MoPub released an SDK update on Tuesday that gives app publishers access to impression-level revenue data.
Historically, that type of data – which lets user acquisition managers attribute revenue and lifetime value to specific users at the impression level – has been hard to come by.
Most third-party ad networks haven’t been set up to share that information, and when they do, it’s usually aggregated, which means advertisers can’t see which users came in through which campaigns, said David Gregson, a product manager at MoPub.
So, while app marketers pour money into their acquisition campaigns, they don’t know which ads hooked whales – coveted users that spend a lot of money in apps – or which users are better monetized through ads. If they did, they could tweak their budgets accordingly, and monetize their acquired users more effectively.
MoPub’s latest SDK update pulls revenue data tied to impressions from ad networks that have it and pushes that data out to a publisher’s third-party analytics and attribution partners without the need to create a new API. Partners available at launch include Adjust, AppsFlyer, Branch, Kochava, Singular, SOOMLA and Tenjin.
More sophisticated publishers can collect the data themselves from MoPub’s SDK and bring it directly into their own business intelligence stack.
Sharing the information on device rather than through an API allows MoPub to sidestep GDPR-related privacy concerns, at least in theory, because MoPub isn’t the one linking the data to a user ID. That’s up to the publisher or the attribution provider, if they have the right to do so, Gregson said.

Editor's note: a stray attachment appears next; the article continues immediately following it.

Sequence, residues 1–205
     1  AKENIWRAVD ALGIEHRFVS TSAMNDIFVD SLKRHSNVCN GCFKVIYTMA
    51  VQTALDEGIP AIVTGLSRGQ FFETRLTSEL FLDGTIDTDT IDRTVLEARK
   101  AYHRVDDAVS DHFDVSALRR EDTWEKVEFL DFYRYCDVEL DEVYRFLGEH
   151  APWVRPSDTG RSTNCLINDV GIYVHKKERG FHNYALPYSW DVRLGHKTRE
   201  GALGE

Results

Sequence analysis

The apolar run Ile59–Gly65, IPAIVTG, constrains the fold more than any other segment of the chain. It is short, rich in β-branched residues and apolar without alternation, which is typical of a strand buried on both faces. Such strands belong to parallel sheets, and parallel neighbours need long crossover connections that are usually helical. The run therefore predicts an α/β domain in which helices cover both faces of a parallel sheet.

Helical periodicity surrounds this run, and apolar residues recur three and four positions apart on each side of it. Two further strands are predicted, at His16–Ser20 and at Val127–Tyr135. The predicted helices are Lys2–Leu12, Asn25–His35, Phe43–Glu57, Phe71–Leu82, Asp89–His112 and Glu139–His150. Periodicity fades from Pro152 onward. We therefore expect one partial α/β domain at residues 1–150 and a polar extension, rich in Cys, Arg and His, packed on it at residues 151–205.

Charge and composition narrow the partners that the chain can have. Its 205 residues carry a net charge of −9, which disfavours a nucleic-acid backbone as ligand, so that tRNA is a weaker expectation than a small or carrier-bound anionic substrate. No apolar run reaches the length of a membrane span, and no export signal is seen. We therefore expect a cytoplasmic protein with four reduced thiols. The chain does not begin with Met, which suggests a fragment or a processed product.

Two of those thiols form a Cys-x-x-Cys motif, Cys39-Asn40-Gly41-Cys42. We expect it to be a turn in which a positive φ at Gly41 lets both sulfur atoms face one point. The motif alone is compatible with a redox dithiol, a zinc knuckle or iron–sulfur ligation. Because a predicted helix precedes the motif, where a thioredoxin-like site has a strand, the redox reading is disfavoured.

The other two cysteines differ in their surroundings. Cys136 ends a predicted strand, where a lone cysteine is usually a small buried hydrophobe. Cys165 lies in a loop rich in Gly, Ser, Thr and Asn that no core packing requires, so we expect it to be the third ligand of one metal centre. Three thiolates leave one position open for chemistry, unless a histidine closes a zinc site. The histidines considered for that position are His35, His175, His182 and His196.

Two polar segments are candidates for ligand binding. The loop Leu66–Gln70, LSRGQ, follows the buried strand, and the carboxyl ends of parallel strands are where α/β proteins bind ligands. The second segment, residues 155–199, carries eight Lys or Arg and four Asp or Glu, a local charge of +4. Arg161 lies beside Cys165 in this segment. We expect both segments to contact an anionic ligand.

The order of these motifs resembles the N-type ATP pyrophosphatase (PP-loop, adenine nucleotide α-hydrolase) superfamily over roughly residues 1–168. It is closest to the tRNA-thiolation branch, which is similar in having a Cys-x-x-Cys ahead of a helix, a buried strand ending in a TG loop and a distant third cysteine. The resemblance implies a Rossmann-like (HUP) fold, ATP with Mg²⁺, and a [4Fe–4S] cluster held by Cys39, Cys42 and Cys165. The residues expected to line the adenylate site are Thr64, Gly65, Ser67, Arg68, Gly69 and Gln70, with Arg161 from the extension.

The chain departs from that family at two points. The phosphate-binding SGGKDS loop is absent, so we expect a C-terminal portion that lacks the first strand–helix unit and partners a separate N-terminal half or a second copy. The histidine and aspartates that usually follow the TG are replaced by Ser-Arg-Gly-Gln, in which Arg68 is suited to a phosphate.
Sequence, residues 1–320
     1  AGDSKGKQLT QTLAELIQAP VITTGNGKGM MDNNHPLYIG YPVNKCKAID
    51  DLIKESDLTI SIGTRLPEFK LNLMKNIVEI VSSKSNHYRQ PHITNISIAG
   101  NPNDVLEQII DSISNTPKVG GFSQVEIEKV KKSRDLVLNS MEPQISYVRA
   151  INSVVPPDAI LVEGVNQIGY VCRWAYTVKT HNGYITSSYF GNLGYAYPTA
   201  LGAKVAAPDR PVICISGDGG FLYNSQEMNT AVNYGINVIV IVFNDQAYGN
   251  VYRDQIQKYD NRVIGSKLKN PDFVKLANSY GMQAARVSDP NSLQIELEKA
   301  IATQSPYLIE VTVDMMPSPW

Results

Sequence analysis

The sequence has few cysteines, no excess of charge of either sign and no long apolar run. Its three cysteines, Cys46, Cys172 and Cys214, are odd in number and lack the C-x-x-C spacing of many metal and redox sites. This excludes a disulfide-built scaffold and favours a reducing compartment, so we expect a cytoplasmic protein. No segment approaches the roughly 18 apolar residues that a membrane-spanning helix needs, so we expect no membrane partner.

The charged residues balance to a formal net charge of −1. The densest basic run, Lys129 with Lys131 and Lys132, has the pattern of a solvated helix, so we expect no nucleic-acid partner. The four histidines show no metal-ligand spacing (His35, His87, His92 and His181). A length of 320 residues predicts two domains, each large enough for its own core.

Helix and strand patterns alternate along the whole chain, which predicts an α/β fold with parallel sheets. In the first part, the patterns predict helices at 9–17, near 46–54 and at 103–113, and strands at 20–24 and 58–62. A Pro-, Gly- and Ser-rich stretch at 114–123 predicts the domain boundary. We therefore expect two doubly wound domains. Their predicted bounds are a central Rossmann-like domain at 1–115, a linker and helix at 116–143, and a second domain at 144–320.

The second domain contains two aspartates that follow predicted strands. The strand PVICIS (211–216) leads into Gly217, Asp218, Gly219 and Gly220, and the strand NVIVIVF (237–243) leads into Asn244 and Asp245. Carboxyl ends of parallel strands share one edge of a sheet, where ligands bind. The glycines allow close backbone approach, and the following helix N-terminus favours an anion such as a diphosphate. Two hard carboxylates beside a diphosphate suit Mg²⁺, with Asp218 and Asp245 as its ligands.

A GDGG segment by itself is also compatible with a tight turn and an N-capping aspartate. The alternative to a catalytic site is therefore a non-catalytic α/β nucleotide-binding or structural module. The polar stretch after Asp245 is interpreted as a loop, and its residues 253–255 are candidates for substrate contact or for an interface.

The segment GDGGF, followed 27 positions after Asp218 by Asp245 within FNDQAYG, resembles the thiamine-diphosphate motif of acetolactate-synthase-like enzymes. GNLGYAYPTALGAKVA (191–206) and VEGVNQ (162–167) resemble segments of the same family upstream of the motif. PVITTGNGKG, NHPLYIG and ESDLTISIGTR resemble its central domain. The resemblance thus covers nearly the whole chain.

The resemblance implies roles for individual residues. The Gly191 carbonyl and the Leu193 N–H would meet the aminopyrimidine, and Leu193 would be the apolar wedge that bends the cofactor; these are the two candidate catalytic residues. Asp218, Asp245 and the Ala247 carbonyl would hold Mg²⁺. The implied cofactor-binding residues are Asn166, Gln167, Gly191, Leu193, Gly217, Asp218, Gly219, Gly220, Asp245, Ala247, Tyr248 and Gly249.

The slow but inexorable shift toward unified auction-based buying and away from the waterfall setup is starting to encourage ad networks to surface impression-level data since they need it themselves to bid on the right users in real time.
There’s also been an evolution in the way publishers monetize to include more advertising, particularly rewards-based ads, rather than just in-app purchases, a trend that’s accelerated alongside the boom in hyper-casual gaming, Gregson said. And that means app publishers need to get smarter about their cohorts.
“The worst thing is to acquire users that are going to generate revenue for you, but then you spam them with ads,” Gregson said.
Still, a lot of ad networks aren’t built to capture impression-level revenue data, so when MoPub shares revenue information with publishers, it makes it clear which impressions represent exact revenue calculations and which are the ad network’s estimations, Gregson said.
“The marketer can then choose what to do with the estimates,” Gregson said. “We hope that exposing how much an estimate is will push ad networks to start providing more granular and accurate data in the future.”